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Not the Bach You Think: Bittner’s Shimmy on Bach’s Name

Julius Bittner

Composers love mysteries, particularly when they can hide something in plain sight in their music. Starting with Johann Sebastian himself, hiding words and letters became a thing to do. When you convert the scale into letters and use German, you can convert B–A–C–H into B flat, A, C, B natural (German usage has B flat being named B and B natural as H).

If you had letters in your name outside the range of A-H + S (Es = E-flat), you could just use the letters you had left: Robert Schuman used S-C-H-A (E-flat, C, B-natural, A), Brahms used B-A-H-S (B-flat, A, B-natural, E-flat) and Dmitri Shostakovich got both his first and last names into his cryptogram of D-Es-C-H (D, E-flat, C, B-natural).

This may seem quite academic, but it was used to hide all sort of things in even the silliest music. The Shimmy was a dance move from around 1920, where the shoulders alternate back and forth as the body is held still.

Provocative and often banned from the dance floor! Lots of composers wrote ‘classical’ shimmies: Paul- Hindemith in his Suite 1922, Bohuslav Martinů in his piano work Puppets, George Antheil, and so on. The Austrian composer Julius Bittner (1874-1939) was one of the most important composers in Austria through the beginning of WWII. After the war, however, he was quickly forgotten because of his old-fashioned style.

Bittner was a lawyer and was connected to the musical circles in Vienna. He is credited with arranging Arnold Schoenberg to be relieved from active military service for the First World War and assessing Gustav Mahler’s will for probate. He was a noted opera composer in his day and one work brought together his skill in opera song and the familiar Bach musical cryptogram: his Shimmy auf der Namen Bach.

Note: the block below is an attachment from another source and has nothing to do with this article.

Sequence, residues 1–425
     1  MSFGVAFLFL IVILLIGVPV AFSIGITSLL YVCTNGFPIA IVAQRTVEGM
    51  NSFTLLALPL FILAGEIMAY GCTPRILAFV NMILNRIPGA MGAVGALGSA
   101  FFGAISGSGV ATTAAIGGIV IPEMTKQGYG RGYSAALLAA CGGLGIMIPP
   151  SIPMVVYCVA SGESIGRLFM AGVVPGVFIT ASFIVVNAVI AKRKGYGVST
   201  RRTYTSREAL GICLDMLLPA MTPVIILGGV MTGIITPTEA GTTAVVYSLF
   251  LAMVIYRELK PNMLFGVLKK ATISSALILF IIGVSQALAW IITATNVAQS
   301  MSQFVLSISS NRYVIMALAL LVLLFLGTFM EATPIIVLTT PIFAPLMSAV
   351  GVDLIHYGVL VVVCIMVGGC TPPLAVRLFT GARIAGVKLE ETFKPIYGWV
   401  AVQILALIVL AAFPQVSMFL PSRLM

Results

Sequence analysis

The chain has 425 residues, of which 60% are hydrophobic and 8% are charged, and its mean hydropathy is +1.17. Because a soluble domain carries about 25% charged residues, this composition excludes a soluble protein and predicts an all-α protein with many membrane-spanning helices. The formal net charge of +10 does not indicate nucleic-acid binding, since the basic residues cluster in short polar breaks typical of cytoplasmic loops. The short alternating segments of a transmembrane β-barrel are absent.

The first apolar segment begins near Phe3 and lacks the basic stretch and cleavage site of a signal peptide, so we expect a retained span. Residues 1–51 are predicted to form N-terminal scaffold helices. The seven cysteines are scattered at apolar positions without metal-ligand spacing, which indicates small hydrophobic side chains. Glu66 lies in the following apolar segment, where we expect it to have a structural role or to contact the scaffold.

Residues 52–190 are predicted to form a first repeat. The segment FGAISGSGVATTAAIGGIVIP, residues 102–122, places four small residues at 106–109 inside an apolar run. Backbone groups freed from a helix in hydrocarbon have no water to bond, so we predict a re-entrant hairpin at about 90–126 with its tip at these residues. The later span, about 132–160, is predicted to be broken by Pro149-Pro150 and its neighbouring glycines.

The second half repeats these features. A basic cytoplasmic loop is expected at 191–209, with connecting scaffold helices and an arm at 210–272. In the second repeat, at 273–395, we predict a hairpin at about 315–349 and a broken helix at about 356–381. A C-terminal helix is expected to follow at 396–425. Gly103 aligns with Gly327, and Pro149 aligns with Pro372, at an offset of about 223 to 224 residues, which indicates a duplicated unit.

This isn’t our J.S. Bach, however, but David Josef Bach, music critic of the Vienna Arbeiterzeitung, created for a present given to David Bach on his 50th birthday. The box included many other treasures of 1920s Vienna: a letter from Schoenberg, material from Béla Bartók, writers Josef and Karel Čapek, Alfred Cassela, and many others. Poems, drawings, pieces of music…all were gifts from David Bach’s friends and admirers.

About 00:57 into the piece, Bittner sets the name of Bach clearly – as can be seen from the image of the score below.


Bittner: Shimmy auf den Namen Bach (Shimmy on the Name Bach) (Gottlieb Wallisch, piano)

Gottlieb Wallisch © Marisa Vranjes

Austrian pianist Gottlieb Wallisch (b. 1978) started his studies at age 6 at the Universität für Musik und darstellende Künste in Vienna, giving his first concert at age 7. He’s a co-founder of the “Austro-Armenian Music Festival”, which began in October 2009 in Yerevan, Armenia, and of the “Internationale Sommerakademie Lans” in the Tyrol. He has been professor piano at the Haute Ecole de Musique Genève – Neuchâtel since 2010.



Bittner: Shimmy on the Name Bach

Performed by

Gottlieb Wallisch

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